When it comes to data center maintenance, escorting vendors is a top priority. T5 Facilities Management takes extra care in vendor selection and relies on the best vendors to perform at the highest standards. However, the facilities management team realizes it is ultimately up to them to ensure that the vendors complete their work safely and successfully.
At T5, vendor escorting is more than checking identification and walking a vendor through the data center. It is an activity that touches many aspects of “The Four Pillars of T5FM” a unique operating methodology that is fundamental to achieving “7x24xForever”. Before a vendor has come to our gate, our facilities team has prepared for the visit by:
- Confirming the scope of work through our CMMS
- Approving the planned maintenance and issuing a ‘permit to work’
- Determining vendor employees to be on-site
- Verifying the scope of work and maintenance hours against our impacted customers’ SLAs
- Sending alerts to our customers detailing the scope of work, systems impacted, risks involved, and our risk mitigation strategy
So how does T5 Facilities Management achieve “7x24xForever” without any hiccups? We rigorously follow the T5 policies and procedures for vendor escorting because we understand that most critical systems failures are due to human error. By following our vendor escorting procedures, we mitigate that human error. So what does it mean at T5 to ‘escort’ a vendor? It means we have assigned a facilities technician to ensure, among other items, the following:
- Approved MOP is on-hand
- Vendor employees have read and signed off on the Critical Facilities Work Rules
- Vendor employees are qualified to perform the work
- All equipment, tools and parts (including critical spare inventory replacement parts) needed are on hand
- Prohibited work is not performed
- Work area containment policies are enforced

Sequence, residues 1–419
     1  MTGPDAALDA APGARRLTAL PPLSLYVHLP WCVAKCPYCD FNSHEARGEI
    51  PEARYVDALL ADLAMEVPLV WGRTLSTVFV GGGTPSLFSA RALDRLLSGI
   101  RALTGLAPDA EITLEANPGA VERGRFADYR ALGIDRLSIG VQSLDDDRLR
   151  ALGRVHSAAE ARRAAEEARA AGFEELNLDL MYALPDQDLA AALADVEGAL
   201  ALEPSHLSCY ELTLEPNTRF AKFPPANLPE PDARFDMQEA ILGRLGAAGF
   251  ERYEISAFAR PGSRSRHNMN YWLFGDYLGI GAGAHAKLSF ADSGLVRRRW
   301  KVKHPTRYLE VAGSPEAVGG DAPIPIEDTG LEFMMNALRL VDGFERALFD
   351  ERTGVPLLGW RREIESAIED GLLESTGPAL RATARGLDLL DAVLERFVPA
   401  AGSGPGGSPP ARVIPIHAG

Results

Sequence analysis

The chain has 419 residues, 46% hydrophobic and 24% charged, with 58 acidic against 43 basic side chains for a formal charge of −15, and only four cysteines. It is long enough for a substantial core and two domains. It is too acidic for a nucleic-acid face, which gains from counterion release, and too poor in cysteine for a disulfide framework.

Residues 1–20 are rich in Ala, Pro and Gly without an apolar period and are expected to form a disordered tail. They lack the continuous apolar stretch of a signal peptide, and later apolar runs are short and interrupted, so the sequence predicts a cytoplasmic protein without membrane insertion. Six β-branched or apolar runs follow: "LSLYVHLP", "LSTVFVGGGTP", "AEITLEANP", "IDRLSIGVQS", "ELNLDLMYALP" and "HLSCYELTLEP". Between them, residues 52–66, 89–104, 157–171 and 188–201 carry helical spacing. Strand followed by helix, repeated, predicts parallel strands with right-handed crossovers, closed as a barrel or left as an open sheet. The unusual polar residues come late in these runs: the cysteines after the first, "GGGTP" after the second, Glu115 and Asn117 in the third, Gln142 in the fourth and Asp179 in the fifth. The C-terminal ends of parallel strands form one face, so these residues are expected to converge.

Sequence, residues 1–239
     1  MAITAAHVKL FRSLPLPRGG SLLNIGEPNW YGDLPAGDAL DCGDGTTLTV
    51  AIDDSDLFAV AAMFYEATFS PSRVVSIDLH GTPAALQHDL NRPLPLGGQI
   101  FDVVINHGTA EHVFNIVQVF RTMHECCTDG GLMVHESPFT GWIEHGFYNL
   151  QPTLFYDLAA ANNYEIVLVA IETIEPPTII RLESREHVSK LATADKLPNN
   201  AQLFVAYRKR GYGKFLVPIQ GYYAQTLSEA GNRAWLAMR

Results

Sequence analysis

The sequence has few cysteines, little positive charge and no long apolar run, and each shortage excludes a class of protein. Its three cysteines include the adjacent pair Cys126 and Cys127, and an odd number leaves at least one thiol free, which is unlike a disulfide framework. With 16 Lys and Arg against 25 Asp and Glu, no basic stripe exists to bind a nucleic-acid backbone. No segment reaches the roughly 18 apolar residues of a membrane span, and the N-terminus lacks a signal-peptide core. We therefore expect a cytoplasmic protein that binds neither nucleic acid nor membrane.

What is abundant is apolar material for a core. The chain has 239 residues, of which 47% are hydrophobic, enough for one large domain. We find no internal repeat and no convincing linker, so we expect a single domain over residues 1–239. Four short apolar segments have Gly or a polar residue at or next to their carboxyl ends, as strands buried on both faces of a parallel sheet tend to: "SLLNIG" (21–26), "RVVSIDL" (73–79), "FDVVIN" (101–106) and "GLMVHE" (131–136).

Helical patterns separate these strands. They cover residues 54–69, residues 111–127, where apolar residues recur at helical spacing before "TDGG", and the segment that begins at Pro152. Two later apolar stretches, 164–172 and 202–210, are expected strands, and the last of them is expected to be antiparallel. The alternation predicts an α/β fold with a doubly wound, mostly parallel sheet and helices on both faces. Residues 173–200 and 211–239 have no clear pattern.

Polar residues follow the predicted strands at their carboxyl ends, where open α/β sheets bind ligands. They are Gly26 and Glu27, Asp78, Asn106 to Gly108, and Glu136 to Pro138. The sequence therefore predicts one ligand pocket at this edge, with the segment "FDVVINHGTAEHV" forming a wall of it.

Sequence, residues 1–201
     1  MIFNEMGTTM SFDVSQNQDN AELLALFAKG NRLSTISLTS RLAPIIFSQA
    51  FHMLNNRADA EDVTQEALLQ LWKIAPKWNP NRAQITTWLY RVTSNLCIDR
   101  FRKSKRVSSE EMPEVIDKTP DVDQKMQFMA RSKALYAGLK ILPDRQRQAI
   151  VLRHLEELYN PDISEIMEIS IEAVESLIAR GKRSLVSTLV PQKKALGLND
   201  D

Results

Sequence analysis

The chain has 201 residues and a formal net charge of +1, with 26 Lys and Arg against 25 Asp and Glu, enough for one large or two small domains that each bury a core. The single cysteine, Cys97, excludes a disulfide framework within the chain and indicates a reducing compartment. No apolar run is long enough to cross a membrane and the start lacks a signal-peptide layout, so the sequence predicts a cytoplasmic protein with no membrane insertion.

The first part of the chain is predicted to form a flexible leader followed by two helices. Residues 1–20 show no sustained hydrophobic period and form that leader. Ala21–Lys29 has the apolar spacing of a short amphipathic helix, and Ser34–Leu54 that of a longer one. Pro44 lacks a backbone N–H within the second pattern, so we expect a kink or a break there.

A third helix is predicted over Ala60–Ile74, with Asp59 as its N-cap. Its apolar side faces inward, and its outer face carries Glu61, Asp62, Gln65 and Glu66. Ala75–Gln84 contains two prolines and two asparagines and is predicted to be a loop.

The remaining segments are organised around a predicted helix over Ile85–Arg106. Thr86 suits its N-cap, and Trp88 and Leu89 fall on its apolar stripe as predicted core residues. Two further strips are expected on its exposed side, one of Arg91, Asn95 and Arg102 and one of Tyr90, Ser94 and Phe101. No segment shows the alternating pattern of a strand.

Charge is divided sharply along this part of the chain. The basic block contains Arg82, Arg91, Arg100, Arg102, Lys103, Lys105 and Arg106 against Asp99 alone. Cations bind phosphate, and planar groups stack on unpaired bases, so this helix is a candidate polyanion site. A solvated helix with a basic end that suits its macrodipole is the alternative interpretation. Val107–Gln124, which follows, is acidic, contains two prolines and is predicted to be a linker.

- No device is plugged into any outlet in a data hall without assistance/verification
- Work is labeled per T5FM policies
- Airborne contaminant and liquid discharge mitigation procedures are followed
- Shift handoff and briefing are conducted, if required
- Suspicious activities are reported, and security policies are followed
- Raised floor/perforated tile management policies are adhered to
- Clean up is conducted
- Sign-off on work is completed
When critical I.T. equipment cannot tolerate a voltage loss or disturbance of as little as one 60Hz cycle, strict adherence to vendor escorting rules is crucial to ensure that T5 meets its total availability commitment to our customers. For these reasons, vendor escorting is an ongoing topic of discussion that benefits from our continual improvement process embedded in “The Four Pillars of T5FM”.
T5 uses vendors and contractors who have been fully vetted, and with whom we have a long-standing relationship. Ultimately, T5 is responsible for ensuring all planned maintenance and critical work is done correctly. Mistakes can happen, but if they do, we are there to remediate the situation immediately to eliminate risk. Vendor escorting may sound simple, but it is rarely a cut and dry event. Every situation is unique, and our data center technicians are trained to adapt to all situations and to respond professionally and accurately.
From the time a vendor steps foot in one of our data centers, they are under constant supervision. Why so strict? At the end of the day it’s our equipment, and vendor escorting is a key component in our 100% uptime goal. We may catch something the contractor missed, observe a tool inside a piece of equipment, or find part of the scope of work was missed. None of these things are uncommon. That is why we are there to oversee the work and to make sure that everyone is following T5 procedures to the “T”. We are held to a high standard, and we hold our vendors to that same standard. Maintaining “7x24xForever” is our number one goal.
Written by Travis Gilbert, Critical Facilities Technician
Travis Gilbert is a Critical Facilities Technician with T5@Dallas. Travis has experience as a service technician in electrical installations and troubleshooting of critical distribution equipment in many large data centers across the DFW metroplex. He also has experience in fire alarm installations in large commercial applications, including one of the largest fire alarm fiber networks in Texas.